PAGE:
Renewable energy firm SunEdison has won 500MW of solar capacity in the National Solar Mission (NSM) auction of the Indian state of Andhra Pradesh, quoting a record low tariff of INR 4.63/kWh (US$0.071).
As the online reverse bidding process for the second round of the auction progressed through the night, PV Tech reported yesterday that the tariffs were signalling a paradigm shift for the entire Indian power sector as they dropped below INR4.80/kWh, which is at grid parity with wind power and even new greenfield coal-fired power generation, which tends to have tariffs between 4.5 and 5 rupees per unit.
Secretary of the Ministry of New and Renewable Energy (MNRE) Upendra Tripathy told Reuters today that SunEdison had won the entire capacity of the auction.
Jasmeet Khurana, associate director, consulting, at analyst firm Bridge to India, told PV Tech that the bidding process took place from 2:30pm yesterday until well past midnight. At the close, another developer Yarrow Infrastructure had also quoted INR 4.63/kWh, however, SunEdison had submitted its bid first and is expected to be invited to sign a power purchase agreement.
Japanese firm Softbank, much-touted for its announcement of investing US$20 billion in India’s renewables market, is thought to have stayed in the second round until the bids dropped to INR 4.80/kWh.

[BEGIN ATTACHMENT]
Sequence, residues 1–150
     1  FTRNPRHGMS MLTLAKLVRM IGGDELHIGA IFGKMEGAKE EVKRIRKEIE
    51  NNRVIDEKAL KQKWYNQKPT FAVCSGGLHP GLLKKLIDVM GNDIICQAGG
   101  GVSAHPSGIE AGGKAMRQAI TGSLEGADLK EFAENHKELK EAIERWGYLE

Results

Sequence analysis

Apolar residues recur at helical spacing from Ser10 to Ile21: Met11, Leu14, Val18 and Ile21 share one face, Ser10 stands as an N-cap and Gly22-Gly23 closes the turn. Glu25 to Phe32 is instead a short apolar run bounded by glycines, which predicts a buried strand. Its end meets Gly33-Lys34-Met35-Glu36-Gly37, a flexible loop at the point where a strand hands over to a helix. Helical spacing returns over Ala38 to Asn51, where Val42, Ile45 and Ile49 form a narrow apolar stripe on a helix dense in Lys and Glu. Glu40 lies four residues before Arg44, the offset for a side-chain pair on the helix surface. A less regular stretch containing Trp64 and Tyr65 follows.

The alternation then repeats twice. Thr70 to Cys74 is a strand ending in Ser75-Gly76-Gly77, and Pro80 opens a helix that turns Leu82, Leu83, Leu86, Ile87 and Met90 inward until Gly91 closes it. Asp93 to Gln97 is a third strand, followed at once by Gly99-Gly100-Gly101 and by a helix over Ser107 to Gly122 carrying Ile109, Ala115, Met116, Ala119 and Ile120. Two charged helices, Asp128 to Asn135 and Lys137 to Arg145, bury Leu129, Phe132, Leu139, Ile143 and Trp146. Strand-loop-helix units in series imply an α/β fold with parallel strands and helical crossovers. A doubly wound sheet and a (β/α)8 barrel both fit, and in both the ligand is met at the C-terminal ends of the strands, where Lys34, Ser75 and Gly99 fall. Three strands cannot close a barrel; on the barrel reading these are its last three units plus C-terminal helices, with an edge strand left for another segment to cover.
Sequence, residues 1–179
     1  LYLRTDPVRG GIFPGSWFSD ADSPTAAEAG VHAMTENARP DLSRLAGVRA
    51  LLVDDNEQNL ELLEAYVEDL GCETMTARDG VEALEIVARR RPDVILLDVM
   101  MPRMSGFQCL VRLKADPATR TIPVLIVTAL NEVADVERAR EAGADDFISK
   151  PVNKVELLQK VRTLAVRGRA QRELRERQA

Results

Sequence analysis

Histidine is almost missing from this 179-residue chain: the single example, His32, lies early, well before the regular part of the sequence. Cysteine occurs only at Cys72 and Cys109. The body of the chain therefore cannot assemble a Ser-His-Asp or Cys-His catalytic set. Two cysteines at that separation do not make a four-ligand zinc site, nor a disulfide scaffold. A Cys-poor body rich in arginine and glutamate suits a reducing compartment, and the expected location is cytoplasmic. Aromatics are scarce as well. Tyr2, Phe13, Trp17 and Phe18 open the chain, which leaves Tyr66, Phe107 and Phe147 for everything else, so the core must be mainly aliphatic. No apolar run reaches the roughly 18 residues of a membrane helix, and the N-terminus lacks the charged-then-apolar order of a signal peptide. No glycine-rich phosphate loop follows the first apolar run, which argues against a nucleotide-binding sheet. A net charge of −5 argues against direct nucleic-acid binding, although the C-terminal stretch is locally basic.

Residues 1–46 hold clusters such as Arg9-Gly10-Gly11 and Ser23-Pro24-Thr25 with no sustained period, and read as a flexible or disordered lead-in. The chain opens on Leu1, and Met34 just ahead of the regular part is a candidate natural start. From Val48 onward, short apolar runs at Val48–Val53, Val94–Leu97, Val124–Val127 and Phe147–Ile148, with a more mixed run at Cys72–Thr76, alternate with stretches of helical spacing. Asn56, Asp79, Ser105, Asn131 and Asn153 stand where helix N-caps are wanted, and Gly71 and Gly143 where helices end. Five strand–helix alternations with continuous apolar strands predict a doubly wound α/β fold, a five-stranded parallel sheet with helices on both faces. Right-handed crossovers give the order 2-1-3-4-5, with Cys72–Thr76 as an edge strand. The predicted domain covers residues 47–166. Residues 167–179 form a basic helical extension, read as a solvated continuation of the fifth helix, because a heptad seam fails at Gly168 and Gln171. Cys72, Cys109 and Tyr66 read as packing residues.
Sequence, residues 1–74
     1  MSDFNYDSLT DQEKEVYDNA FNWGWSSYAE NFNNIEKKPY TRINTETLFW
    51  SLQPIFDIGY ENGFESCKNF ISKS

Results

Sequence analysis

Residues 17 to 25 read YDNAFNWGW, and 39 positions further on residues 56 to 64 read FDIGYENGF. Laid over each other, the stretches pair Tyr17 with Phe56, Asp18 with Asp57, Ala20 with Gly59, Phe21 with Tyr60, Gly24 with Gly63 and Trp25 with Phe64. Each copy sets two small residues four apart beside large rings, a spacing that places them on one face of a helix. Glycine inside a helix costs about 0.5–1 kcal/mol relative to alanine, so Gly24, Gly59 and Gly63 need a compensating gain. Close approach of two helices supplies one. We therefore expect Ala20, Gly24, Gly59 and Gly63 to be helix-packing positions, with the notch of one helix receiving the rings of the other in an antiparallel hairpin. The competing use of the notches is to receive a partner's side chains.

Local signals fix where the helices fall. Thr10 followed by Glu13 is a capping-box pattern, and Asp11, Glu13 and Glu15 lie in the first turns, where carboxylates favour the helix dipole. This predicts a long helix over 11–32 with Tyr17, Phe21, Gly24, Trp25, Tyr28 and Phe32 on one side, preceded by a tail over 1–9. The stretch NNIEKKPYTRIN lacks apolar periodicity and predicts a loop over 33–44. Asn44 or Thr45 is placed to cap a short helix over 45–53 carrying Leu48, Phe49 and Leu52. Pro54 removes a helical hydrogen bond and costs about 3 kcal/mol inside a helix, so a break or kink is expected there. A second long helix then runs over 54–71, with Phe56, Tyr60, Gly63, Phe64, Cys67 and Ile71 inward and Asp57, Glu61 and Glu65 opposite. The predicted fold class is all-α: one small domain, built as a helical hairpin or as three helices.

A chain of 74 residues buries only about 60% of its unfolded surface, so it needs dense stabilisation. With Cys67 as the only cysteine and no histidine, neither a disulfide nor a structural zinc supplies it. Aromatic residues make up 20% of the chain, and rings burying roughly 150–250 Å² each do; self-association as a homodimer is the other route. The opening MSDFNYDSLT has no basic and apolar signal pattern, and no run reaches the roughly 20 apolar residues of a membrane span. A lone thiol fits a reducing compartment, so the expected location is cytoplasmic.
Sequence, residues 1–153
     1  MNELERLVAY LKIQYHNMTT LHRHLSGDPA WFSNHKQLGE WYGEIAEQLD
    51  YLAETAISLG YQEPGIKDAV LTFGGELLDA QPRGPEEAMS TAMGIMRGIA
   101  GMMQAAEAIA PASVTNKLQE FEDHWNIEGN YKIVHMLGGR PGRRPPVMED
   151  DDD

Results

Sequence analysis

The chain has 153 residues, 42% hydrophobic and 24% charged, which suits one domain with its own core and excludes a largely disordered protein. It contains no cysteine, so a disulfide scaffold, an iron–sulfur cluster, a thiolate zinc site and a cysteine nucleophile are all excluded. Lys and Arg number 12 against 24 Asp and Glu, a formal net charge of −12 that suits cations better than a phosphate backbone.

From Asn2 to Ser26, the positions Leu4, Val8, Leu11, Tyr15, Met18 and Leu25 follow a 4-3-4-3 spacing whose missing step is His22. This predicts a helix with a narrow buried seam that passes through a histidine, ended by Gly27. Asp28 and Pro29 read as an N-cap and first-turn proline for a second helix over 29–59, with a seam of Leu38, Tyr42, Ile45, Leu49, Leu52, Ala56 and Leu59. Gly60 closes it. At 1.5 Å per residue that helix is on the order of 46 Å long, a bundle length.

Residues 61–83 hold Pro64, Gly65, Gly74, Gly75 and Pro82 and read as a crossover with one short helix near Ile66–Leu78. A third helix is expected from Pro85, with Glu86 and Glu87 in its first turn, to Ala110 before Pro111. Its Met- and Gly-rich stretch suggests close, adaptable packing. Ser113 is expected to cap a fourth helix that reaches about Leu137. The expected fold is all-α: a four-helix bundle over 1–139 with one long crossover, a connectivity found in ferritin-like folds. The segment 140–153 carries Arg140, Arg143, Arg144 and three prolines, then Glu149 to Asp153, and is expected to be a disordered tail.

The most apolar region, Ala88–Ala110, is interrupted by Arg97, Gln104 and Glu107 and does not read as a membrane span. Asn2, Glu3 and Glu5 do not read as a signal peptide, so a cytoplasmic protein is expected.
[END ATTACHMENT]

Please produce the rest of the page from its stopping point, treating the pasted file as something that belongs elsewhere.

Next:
Khurana said that while 28 companies were involved in the bidding process, in total nine companies submitted bids that were below the INR 5/kWh mark, including Enel Green, Reliance, Renew, Solar Arise, Acme Solar and Orange Renewable Power.
The previous lowest solar tariff in India was awarded to PV developer SkyPower at INR 5.05/kWh in the state auction of Madhya Pradesh.
Khurana noted several other major developers who were unsuccessful in their bidding yesterday, including SkyPower, Azure, Fortum, Welspun, Trina Solar and First Solar.
Once again Khurana said the industry will debate for several weeks how sustainable SunEdison’s “very aggressive” tariff is.
He added: “The assumptions for cost of equipment, cost and other terms of finance, return expectations and presumed future benefits through securitization of assets and/or perceived premium in valuations in case of an exit are all being considered at levels that are more aggressive than what we would generally assume.”
The tariffs dropping below the five rupee mark yesterday sparked an online debate about whether PV projects are workable at such low prices, with even Jigar Shah, the well-known clean energy entrepreneur and co-founder of SunEdison, who leads specialist finance company Generate Capital, commenting on Twitter that it is “time to scrap auctions”.
Shah also told PV Tech: “Returns today are simply not high enough for investors.”
However, Khurana said: “Despite all the doubts surrounding the sustainability of these tariffs, the writing on the wall is that utility-scale solar PV is establishing itself as a mainstream source of power and is expected to play an increasingly important role in the country’s future power generation mix.”
The auction marks the first central government led allocation under India’s NSM since prime minister Modi took office. The next auctions for capacity within solar parks under the NSM will take place in Rajasthan and Karnataka.